Is there a noncommutative simple fusion ring?

A fusion ring $$\mathcal{F}$$ is given by a finite set $$B = \{b_1,b_2, \dots, b_r \}$$ such that $$b_i b_j = \sum_k n_{i,j}^k b_k$$ with $$n_{i,j}^k \in \mathbb{Z}_{\ge 0}$$, satisfying axioms slightly augmenting the group axioms (see the details here).

The fusion ring $$\mathcal{F}$$ is called noncommutative if $$\exists i,j$$ with $$b_ib_j\neq b_jb_i$$. A fusion subring is given by a subset $$B_S=\{b_s \ | \ s \in S\} \subseteq B$$ with $$1 \in S = S^*$$ and $$\forall i,j \in S$$ then $$n_{i,j}^k \neq 0$$ only if $$k \in S$$. It is called simple when every fusion subring is given by the subset $$\{b_1\}$$ or $$B$$. Let $$G$$ be a finite group, then the Grothendieck ring of $$Rep(G)$$ is simple (as fusion ring) if and only if $$G$$ is simple.

Question: Is there a noncommutative simple fusion ring?

Investigation

According to this post, a noncommutative fusion ring must be of rank at least $$5$$, and at rank exactly $$5$$, we can assume: $$2^*=3$$, $$4^*=4$$ and $$5^*=5$$. A brute-force computation shows that at multiplicity at most three, there is a unique simple example (upto equiv.):
$$\begin{smallmatrix}1&0&0&0&0\\0&1&0&0&0\\0&0&1&0&0\\0&0&0&1&0\\0&0&0&0&1\end{smallmatrix} , \ \begin{smallmatrix}0&1&0&0&0\\0&0&1&1&0\\1&0&0&0&1\\0&0&1&0&1\\0&1&0&1&1\end{smallmatrix} , \ \begin{smallmatrix}0&0&1&0&0\\1&0&0&0&1\\0&1&0&1&0\\0&1&0&0&1\\0&0&1&1&1\end{smallmatrix} , \ \begin{smallmatrix}0&0&0&1&0\\0&0&1&0&1\\0&1&0&0&1\\1&0&0&1&1\\0&1&1&1&1\end{smallmatrix} , \ \begin{smallmatrix}0&0&0&0&1\\0&1&0&1&1\\0&0&1&1&1\\0&1&1&1&1\\1&1&1&1&2\end{smallmatrix}$$ but it is commutative. Note that $$[d(b_1),d(b_2),d(b_3),d(b_4),d(b_5)] =[1,\alpha,\alpha,\beta,\gamma]$$ with:

• $$\alpha =1+2cos(2\pi/7) \simeq 2.246979603\dots$$,
• $$\beta =1-2cos(6\pi/7) \simeq 2.801937735\dots$$,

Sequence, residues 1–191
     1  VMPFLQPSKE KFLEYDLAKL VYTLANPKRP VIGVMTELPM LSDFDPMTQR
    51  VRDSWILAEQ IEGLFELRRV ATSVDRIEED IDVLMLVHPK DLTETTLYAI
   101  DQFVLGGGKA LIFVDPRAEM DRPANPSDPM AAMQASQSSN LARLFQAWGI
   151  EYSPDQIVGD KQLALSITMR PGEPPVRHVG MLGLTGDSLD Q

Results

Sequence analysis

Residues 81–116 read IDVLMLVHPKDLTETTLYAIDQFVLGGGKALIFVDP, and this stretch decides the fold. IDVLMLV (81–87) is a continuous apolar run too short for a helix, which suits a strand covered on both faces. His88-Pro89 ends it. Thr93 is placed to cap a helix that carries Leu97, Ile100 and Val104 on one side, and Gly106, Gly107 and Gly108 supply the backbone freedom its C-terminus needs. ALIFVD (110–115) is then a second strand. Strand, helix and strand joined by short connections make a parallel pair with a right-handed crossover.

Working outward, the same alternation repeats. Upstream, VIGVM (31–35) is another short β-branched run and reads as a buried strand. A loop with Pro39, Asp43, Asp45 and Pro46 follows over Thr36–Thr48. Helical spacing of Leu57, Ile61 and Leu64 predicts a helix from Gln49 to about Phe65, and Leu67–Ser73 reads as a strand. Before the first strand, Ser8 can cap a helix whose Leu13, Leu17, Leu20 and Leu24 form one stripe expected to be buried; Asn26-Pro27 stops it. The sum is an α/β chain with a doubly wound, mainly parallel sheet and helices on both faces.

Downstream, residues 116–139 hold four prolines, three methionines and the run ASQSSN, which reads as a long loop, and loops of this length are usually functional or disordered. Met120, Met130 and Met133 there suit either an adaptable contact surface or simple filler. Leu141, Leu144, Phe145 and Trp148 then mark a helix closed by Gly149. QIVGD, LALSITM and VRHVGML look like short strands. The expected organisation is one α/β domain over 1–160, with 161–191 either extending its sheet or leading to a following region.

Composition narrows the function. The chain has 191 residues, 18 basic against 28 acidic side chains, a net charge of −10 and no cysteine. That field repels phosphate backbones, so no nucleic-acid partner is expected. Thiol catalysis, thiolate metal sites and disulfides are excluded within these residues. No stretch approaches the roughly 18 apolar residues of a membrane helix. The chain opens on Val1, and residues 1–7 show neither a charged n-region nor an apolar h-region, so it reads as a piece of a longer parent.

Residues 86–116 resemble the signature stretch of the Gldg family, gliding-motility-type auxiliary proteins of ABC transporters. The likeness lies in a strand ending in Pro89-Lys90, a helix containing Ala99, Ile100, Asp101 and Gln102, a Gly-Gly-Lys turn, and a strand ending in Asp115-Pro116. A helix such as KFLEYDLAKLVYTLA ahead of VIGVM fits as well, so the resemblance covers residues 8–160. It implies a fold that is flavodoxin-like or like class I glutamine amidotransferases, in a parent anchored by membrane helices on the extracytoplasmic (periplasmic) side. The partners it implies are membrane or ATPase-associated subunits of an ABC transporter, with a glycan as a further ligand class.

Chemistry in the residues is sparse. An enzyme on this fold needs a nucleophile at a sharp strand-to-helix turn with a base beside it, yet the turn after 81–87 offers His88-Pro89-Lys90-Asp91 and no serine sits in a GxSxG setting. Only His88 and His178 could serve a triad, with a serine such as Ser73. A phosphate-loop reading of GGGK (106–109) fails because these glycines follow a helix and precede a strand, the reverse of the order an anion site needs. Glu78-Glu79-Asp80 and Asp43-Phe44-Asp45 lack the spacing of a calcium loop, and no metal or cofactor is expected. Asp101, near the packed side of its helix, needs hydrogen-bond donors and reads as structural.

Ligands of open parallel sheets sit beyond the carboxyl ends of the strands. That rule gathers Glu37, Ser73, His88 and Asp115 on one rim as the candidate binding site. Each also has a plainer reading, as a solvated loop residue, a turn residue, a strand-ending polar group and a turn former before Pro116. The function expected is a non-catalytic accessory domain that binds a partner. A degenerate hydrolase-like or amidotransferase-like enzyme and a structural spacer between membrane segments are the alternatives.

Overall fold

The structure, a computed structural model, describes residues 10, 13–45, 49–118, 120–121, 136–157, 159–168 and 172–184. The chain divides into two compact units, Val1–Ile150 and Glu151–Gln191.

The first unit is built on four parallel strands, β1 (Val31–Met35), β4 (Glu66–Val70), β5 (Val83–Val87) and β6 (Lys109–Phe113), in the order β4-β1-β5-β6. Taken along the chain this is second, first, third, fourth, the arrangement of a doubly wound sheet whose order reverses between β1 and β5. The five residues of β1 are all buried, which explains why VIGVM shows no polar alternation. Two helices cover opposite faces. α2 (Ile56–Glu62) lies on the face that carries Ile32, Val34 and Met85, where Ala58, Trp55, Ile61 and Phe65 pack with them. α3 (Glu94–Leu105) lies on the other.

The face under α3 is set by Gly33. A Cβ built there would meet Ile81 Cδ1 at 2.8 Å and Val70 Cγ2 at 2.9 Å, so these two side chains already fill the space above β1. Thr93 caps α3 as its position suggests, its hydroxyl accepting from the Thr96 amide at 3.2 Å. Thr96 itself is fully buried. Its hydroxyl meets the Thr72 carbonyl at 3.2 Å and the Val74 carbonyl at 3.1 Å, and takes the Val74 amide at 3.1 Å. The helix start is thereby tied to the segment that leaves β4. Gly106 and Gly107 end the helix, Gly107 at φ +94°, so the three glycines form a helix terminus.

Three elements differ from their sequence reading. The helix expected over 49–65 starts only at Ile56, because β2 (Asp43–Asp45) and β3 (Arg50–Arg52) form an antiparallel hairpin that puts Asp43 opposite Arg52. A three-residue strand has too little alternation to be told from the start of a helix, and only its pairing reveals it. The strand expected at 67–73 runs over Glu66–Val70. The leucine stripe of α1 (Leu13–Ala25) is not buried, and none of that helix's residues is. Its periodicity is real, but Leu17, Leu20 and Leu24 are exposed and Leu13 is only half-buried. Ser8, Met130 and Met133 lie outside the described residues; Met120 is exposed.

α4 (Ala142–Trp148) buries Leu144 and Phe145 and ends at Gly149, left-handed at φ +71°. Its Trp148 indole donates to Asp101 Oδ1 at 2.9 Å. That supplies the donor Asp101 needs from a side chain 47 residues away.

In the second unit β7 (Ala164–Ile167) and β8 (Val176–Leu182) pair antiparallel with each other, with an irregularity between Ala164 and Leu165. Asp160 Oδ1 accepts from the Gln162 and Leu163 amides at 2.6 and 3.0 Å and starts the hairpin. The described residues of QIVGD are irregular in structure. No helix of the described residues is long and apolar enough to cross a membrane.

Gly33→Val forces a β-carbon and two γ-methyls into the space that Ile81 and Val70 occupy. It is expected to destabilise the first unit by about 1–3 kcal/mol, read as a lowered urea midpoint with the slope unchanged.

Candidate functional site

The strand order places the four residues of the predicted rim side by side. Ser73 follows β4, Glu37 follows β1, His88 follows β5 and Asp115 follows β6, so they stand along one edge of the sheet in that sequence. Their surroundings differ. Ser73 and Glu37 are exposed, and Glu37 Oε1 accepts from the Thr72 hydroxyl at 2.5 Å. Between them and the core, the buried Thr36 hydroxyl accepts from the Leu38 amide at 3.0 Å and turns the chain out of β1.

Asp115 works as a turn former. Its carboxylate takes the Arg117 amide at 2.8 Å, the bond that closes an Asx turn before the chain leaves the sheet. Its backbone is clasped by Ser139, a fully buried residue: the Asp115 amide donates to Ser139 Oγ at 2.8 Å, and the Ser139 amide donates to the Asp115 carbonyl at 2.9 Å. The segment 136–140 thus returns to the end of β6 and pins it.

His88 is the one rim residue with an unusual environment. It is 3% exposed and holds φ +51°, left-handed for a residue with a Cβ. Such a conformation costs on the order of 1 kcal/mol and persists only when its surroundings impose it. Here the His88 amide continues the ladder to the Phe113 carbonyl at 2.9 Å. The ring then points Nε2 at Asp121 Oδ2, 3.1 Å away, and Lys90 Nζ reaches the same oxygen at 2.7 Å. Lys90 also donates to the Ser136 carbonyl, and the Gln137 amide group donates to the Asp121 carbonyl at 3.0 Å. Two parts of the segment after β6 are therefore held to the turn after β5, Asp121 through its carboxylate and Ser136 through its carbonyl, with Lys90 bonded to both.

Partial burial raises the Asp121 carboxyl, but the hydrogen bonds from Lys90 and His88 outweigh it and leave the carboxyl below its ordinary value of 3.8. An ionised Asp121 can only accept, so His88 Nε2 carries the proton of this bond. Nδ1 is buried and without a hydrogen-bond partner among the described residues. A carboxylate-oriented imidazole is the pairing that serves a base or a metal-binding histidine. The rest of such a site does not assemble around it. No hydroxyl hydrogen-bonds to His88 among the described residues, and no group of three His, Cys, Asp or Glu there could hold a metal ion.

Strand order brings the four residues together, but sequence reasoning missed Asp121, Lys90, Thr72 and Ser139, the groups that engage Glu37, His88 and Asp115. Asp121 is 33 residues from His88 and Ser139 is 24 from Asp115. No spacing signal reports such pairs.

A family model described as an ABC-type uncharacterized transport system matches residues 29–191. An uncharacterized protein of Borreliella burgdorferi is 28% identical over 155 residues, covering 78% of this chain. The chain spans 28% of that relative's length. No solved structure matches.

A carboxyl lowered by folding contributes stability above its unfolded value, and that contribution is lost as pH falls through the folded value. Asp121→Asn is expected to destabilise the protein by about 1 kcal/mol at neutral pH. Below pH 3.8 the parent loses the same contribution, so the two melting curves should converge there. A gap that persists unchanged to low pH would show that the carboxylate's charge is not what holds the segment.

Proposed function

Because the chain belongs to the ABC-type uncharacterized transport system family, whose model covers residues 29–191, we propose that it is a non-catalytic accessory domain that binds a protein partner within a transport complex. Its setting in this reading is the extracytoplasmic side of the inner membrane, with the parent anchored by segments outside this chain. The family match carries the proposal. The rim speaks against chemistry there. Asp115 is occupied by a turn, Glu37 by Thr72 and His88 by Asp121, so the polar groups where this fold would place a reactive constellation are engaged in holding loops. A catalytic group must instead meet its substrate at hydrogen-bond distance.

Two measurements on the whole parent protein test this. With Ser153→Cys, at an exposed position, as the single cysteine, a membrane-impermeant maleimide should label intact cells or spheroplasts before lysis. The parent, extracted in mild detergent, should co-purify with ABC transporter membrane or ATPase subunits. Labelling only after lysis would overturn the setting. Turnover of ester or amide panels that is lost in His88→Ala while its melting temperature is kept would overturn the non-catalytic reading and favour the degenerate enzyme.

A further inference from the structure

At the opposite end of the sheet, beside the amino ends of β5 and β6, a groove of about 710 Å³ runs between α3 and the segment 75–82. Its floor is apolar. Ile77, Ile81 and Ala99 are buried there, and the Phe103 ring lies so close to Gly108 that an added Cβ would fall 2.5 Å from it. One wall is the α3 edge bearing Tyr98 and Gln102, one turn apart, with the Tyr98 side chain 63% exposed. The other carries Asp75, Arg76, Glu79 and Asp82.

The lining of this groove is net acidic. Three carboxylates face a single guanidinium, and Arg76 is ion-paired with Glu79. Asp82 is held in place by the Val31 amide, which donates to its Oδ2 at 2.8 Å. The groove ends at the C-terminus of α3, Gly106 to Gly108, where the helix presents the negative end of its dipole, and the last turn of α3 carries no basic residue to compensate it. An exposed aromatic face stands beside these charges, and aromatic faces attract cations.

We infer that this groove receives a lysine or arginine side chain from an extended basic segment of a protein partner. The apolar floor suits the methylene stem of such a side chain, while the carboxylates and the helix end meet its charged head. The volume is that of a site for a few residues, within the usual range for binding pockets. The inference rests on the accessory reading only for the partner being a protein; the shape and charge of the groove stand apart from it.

• $$\gamma =\alpha+\beta-1 \simeq 4.048917339\dots$$,
• so that: $$gdim:=\sum_i d(b_i)^2 \simeq 36.65039990\dots$$,

moreover, it is of Frobenius type and satisfies Schur Product Property.

The fusion ring of one of the even parts of Extended Haagerup will work (see Appendix A of our paper). It has rank 8, and you can see that $$AB \neq BA$$. Surely there's less complicated examples though.
$$\begin{smallmatrix} 1 & 0 & 0 & 0 & 0 & 0 & 0 & 0 \\ 0 & 1 & 0 & 0 & 0 & 0 & 0 & 0 \\ 0 & 0 & 1 & 0 & 0 & 0 & 0 & 0 \\ 0 & 0 & 0 & 1 & 0 & 0 & 0 & 0 \\ 0 & 0 & 0 & 0 & 1 & 0 & 0 & 0 \\ 0 & 0 & 0 & 0 & 0 & 1 & 0 & 0 \\ 0 & 0 & 0 & 0 & 0 & 0 & 1 & 0 \\ 0 & 0 & 0 & 0 & 0 & 0 & 0 & 1 \end{smallmatrix} , \ \begin{smallmatrix} 0 & 1 & 0 & 0 & 0 & 0 & 0 & 0 \\ 1 & 1 & 0 & 0 & 1 & 0 & 0 & 0 \\ 0 & 0 & 0 & 0 & 0 & 0 & 1 & 0 \\ 0 & 0 & 0 & 0 & 0 & 1 & 0 & 0 \\ 0 & 1 & 0 & 0 & 1 & 0 & 0 & 1 \\ 0 & 0 & 0 & 1 & 0 & 1 & 1 & 1 \\ 0 & 0 & 1 & 0 & 0 & 1 & 1 & 1 \\ 0 & 0 & 0 & 0 & 1 & 1 & 1 & 1 \end{smallmatrix} , \ \begin{smallmatrix} 0 & 0 & 1 & 0 & 0 & 0 & 0 & 0 \\ 0 & 0 & 0 & 0 & 0 & 1 & 0 & 0 \\ 0 & 0 & 0 & 0 & 0 & 0 & 0 & 1 \\ 1 & 0 & 0 & 0 & 0 & 1 & 0 & 0 \\ 0 & 0 & 0 & 0 & 0 & 0 & 1 & 1 \\ 0 & 0 & 0 & 0 & 1 & 1 & 1 & 1 \\ 0 & 1 & 1 & 0 & 0 & 1 & 1 & 1 \\ 0 & 0 & 0 & 1 & 1 & 1 & 1 & 1 \end{smallmatrix} , \ \begin{smallmatrix} 0 & 0 & 0 & 1 & 0 & 0 & 0 & 0 \\ 0 & 0 & 0 & 0 & 0 & 0 & 1 & 0 \\ 1 & 0 & 0 & 0 & 0 & 0 & 1 & 0 \\ 0 & 0 & 0 & 0 & 0 & 0 & 0 & 1 \\ 0 & 0 & 0 & 0 & 0 & 1 & 0 & 1 \\ 0 & 1 & 0 & 1 & 0 & 1 & 1 & 1 \\ 0 & 0 & 0 & 0 & 1 & 1 & 1 & 1 \\ 0 & 0 & 1 & 0 & 1 & 1 & 1 & 1 \end{smallmatrix},$$ $$\begin{smallmatrix} 0 & 0 & 0 & 0 & 1 & 0 & 0 & 0 \\ 0 & 1 & 0 & 0 & 1 & 0 & 0 & 1 \\ 0 & 0 & 0 & 0 & 0 & 1 & 0 & 1 \\ 0 & 0 & 0 & 0 & 0 & 0 & 1 & 1 \\ 1 & 1 & 0 & 0 & 1 & 1 & 1 & 1 \\ 0 & 0 & 1 & 0 & 1 & 2 & 2 & 2 \\ 0 & 0 & 0 & 1 & 1 & 2 & 2 & 2 \\ 0 & 1 & 1 & 1 & 1 & 2 & 2 & 2 \end{smallmatrix} , \ \begin{smallmatrix} 0 & 0 & 0 & 0 & 0 & 1 & 0 & 0 \\ 0 & 0 & 1 & 0 & 0 & 1 & 1 & 1 \\ 0 & 1 & 1 & 0 & 0 & 1 & 1 & 1 \\ 0 & 0 & 0 & 0 & 1 & 1 & 1 & 1 \\ 0 & 0 & 0 & 1 & 1 & 2 & 2 & 2 \\ 1 & 1 & 1 & 1 & 2 & 4 & 3 & 3 \\ 0 & 1 & 1 & 1 & 2 & 3 & 3 & 4 \\ 0 & 1 & 1 & 1 & 2 & 3 & 4 & 4 \end{smallmatrix} , \ \begin{smallmatrix} 0 & 0 & 0 & 0 & 0 & 0 & 1 & 0 \\ 0 & 0 & 0 & 1 & 0 & 1 & 1 & 1 \\ 0 & 0 & 0 & 0 & 1 & 1 & 1 & 1 \\ 0 & 1 & 0 & 1 & 0 & 1 & 1 & 1 \\ 0 & 0 & 1 & 0 & 1 & 2 & 2 & 2 \\ 0 & 1 & 1 & 1 & 2 & 3 & 3 & 4 \\ 1 & 1 & 1 & 1 & 2 & 3 & 4 & 3 \\ 0 & 1 & 1 & 1 & 2 & 4 & 3 & 4 \end{smallmatrix} , \ \begin{smallmatrix} 0 & 0 & 0 & 0 & 0 & 0 & 0 & 1 \\ 0 & 0 & 0 & 0 & 1 & 1 & 1 & 1 \\ 0 & 0 & 0 & 1 & 1 & 1 & 1 & 1 \\ 0 & 0 & 1 & 0 & 1 & 1 & 1 & 1 \\ 0 & 1 & 1 & 1 & 1 & 2 & 2 & 2 \\ 0 & 1 & 1 & 1 & 2 & 3 & 4 & 4 \\ 0 & 1 & 1 & 1 & 2 & 4 & 3 & 4 \\ 1 & 1 & 1 & 1 & 2 & 4 & 4 & 4 \end{smallmatrix}.$$
It is a rank $$8$$ noncommutative simple fusion ring. If $$\mathcal{B}$$ is its basis then $$\mathbb{C}\mathcal{B}=\mathbb{C}^4 \oplus M_2(\mathbb{C})$$.